The LWF Blog

ASET vs RSET Part One| Available Safe and Required Safe Egress time comparison

November 15, 2013 3:55 pm

Spaciousness and flexibility are key elements of modern architecture. Open plan living, open plan working and large un-divided spaces offer the possibility for tailor made interior designs and flexible use for the entire lifetime of a building. 

With regards to fire safety, this design philosophy often conflicts with prescriptive regulations, as prescriptive guidance documents are intended to provide guidance for some of the more common building situations. Traditionally, prescriptive design is based on passive fire protection which includes the sub-division of spaces into compartments, to contain a fire in the location where it occurred, and on the selection of building materials and methods to reduce the size and spread of a fire.

The main objective of passive fire protection is to enable people to reach a place of safety before conditions for evacuations become untenable.

Fire Safety Engineering is recognized within the Building Regulations as a potential means of providing an alternative approach to prescriptive fire safety solutions. Fire Engineering uses engineering tools to assess if the proposed specific building design will ensure a sufficient level of life safety or whether additional fire safety precautions are required. 

When considering means of escape, the prescriptive approach focuses on a building’s structure – ignoring the fact that both fire hazard and safe evacuation are time-dependent. Using performance based (fire safety engineering) design allows more accuracy, while still observing general guidance in a benchmark sense.

To implement fire safe designs that are not compliant with current legislation, the fire engineer must verify that the level of fire safety in the proposed design is equivalent to the level of safety outlined in current Building Regulations.

A common fire engineering tool to analyse the conditions in a building in the event of a fire is the ASET vs. RSET comparison.

The basic aim of this approach is to show that the calculated time before conditions become untenable (Available Safe Egress Time- ASET) always exceeds the required time to safely evacuate the building (Required Safe Egress Time – RSET). As such, safe evacuation of a building is always possible.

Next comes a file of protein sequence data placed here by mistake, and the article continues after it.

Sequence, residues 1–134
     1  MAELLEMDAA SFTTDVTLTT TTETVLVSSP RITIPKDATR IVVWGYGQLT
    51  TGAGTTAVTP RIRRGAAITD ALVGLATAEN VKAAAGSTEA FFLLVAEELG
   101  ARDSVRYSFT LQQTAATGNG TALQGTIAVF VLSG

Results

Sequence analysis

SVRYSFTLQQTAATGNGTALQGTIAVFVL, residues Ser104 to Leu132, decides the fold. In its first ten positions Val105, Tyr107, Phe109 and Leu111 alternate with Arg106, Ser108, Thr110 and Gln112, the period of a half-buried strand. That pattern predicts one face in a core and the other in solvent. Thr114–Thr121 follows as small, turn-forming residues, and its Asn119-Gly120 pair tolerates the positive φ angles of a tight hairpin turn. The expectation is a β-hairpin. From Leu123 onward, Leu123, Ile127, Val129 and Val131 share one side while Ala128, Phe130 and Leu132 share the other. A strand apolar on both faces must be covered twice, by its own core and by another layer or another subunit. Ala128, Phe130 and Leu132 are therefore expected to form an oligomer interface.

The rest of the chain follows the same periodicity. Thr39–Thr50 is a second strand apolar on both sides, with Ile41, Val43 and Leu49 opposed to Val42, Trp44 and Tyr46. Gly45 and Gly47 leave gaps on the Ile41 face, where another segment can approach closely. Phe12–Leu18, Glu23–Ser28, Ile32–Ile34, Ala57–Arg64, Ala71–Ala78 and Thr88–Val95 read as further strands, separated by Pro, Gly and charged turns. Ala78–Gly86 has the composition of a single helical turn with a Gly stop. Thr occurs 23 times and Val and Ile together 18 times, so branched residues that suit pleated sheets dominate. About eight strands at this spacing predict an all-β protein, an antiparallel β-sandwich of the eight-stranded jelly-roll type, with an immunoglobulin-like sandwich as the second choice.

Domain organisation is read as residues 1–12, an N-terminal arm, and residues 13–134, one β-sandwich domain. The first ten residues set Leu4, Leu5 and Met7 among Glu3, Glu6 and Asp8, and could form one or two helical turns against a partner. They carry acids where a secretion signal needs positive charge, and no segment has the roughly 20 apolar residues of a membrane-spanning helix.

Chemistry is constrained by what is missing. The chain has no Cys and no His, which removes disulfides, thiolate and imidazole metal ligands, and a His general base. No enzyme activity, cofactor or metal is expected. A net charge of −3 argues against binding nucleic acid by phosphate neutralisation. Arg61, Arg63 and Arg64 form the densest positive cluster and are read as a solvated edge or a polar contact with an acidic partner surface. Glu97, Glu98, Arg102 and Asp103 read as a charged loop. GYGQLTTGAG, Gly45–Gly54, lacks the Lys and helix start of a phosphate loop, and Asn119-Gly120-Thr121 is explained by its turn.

The ASET is generally defined by acceptance criteria based on temperature, visibility and toxicity of smoke within the fire escape routes. Guidance documents give advice about the tenability limits and give maximum/minimum figures for these criteria.

The ASET can be modified and extended based on many factors that are not necessarily considered and specifically addressed within the prescriptive approach. For example:

 Type and amount of combustible material/fire load

 Ceiling heights

 Smoke ventilation systems

 Physical barriers like downstands/smoke curtains

 Geometry of the room of fire origin

A fire engineering approach utilizes these factors to calculate the specific ASET for the building or space, always considering adequate fire safety factors, to maintain a conservative approach. 

While hand calculations remain a possibility to carry out such assessments, more visually user-friendly methods, such as computer modelling, are available to assess defined assessment criteria.  

Two types of computer models are available for use when designing fire scenarios: the zone model and the CFD (Computational Fluid Dynamics) model.   Zone models are used to predict the height of smoke layers and tenability conditions in buildings or rooms with simple geometries. 

If assessment areas are more complex, the fire engineer usually uses a CFD model that is considered to be the most appropriate tool to assess conditions in the event of a fire. 

The basic capabilities of CFD models have been continuously validated, considering issues such as fire growth, flame spread, suppression, sprinkler/detector activation, and other fire specific phenomena.

So, now that the ASET is theoretically calculated, the RSET is the essential remaining part of the equation. 

Next week’s LWF blog article will look at how to calculate the RSET and will conclude this short series of two.

If you have any queries about fire engineering, or would like to speak to someone about ASET vs RSET, please call Peter Gyere at Lawrence Webster Forrest on 020 8668 8663.

LWF was established more than twenty years ago to provide fire engineering and fire risk management consultancy, develop fire engineered technology and to apply fire safety standards including fire engineered techniques.

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